|eCos® and eCosPro® Reference Manual|
The Tilera Multicore Components or TMC Library provides a variety of
primitives for building parallel programs. It is documented in UG527,
“The Applications Libraries Reference Manual”. The eCos
CYGPKG_HAL_TILEGX_TMC implements a subset
of this library. The subset supports communication between Linux
applications running on some of the tiles on a TILE-Gx chip and eCos
applications running on other tiles. The package also contains a
number of example applications demonstrating the communication
CYGPKG_HAL_TILEGX_TMC is automatically
included in any configuration for a TILE-Gx target. It does not have
to be added to the configuration. The package does not add any
overhead to eCos applications which do not use any of its
functionality, so there is no reason for ever removing the package
from the configuration.
The Tilera TMC library consists of the following components:
UDN helper routines for communication over the UDN bus. Most of these have been ported to eCos.
Performance tuning. The routine
Spinning shared memory synchronization primitives. These have all been ported to eCos.
Scheduler shared memory synchronization primitives. These have not been ported. The primitives interact with the Linux kernel, and there is no way for an eCos application running on a BME tile to do that.
Specified-attribute memory page allocation. These have not been ported. Allocating memory pages involves calling into the hypervisor and the hypervisor is no longer present on BME tiles running eCos. However it is possible for a Linux application to allocate one or more pages, pass the details on to an eCos application, and have the latter map the pages into its address space.
Common memory, allowing pages to be mapped at the same virtual address in different processes. These have not been ported. Linux applications run in 64-bit mode with a 64-bit address space, whereas eCos applications run in 32-bit mode with 32-bit addresses. This makes it difficult to use the same virtual addresses.
CPU sets and affinitization. These have not been ported. The primitives are intended to allow threads to be bound to specific tiles. Since each eCos instance runs on only one tile there is no point in attempting to support such affinitization.
User space interrupt installation routines. These have not been ported. eCos has its own model of how interrupts should be handled and its own routines for managing interrupts. Trying to support the TMC's model of interrupt handling as well would complicate things for little or no gain.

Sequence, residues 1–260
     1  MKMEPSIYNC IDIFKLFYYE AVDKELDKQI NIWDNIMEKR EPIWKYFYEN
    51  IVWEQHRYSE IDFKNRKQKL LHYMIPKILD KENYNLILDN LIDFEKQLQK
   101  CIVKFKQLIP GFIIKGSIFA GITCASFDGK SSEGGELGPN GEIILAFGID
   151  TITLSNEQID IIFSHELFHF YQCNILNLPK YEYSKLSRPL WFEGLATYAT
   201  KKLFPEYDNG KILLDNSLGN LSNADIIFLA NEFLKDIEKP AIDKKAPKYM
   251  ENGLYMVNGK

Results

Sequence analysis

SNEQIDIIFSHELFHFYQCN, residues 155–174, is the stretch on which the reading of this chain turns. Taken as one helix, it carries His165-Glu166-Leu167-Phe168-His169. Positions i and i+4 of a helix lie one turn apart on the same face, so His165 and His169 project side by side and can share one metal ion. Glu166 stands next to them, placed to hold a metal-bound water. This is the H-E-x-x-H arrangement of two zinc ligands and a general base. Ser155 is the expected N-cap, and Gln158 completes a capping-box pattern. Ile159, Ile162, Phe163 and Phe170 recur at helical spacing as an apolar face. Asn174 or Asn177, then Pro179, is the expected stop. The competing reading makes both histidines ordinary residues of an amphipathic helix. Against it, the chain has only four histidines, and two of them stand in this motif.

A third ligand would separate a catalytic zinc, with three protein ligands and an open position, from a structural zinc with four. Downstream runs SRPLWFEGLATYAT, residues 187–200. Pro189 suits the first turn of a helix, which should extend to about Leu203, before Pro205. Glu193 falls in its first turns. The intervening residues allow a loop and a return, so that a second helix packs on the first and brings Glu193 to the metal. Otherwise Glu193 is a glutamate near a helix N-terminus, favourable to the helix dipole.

Interprocessor interrupt event-handling. These have not been ported. It is not clear that they are actually useful since there is no primitive for generating an IPI interrupt. Instead UDN communications provides a way of sending data asynchronously to another tile, and if desired that UDN communication can be processed by an interrupt handler.
Using mspaces for standard malloc/free. These have not been ported. Under Linux they provide an alternative implementation of the C library's
free()routines, offering some control over home caching and memory page sizes. For eCos applications it makes more sense to use the standard eCos heap using memory provided by the hypervisor during startup.
Cache control. These functions have not been ported, and the Tilera documentation recommends against using these low-level shared memory primitives. The main functionality provided, memory fences to guarantee visibility of stores to cache coherent memory, is instead provided by the eCos
Multiple heap allocation. These routines allow for the allocation of separate mspaces with control over cache homing and other functionality. They involve interaction with the hypervisor's memory page support which is not possible for an eCos application.
Task management and cleanup. These primitives relate to support for multiple processes and interaction with the Tilera shepherd process. Since eCos does not support multiple processes, only multiple threads, the primitives are not applicable.
The package only provides implements of the header files <tmc/udn.h>, <tmc/spin.h>, and <tmc/perf.h>. The other header files do exist but will generate a compile-time warning if they are included. Providing these dummy headers prevents the compiler from accidentally including the Linux TMC headers.
The eCos TMC support is subject to a number of important restrictions which application developers must be aware of.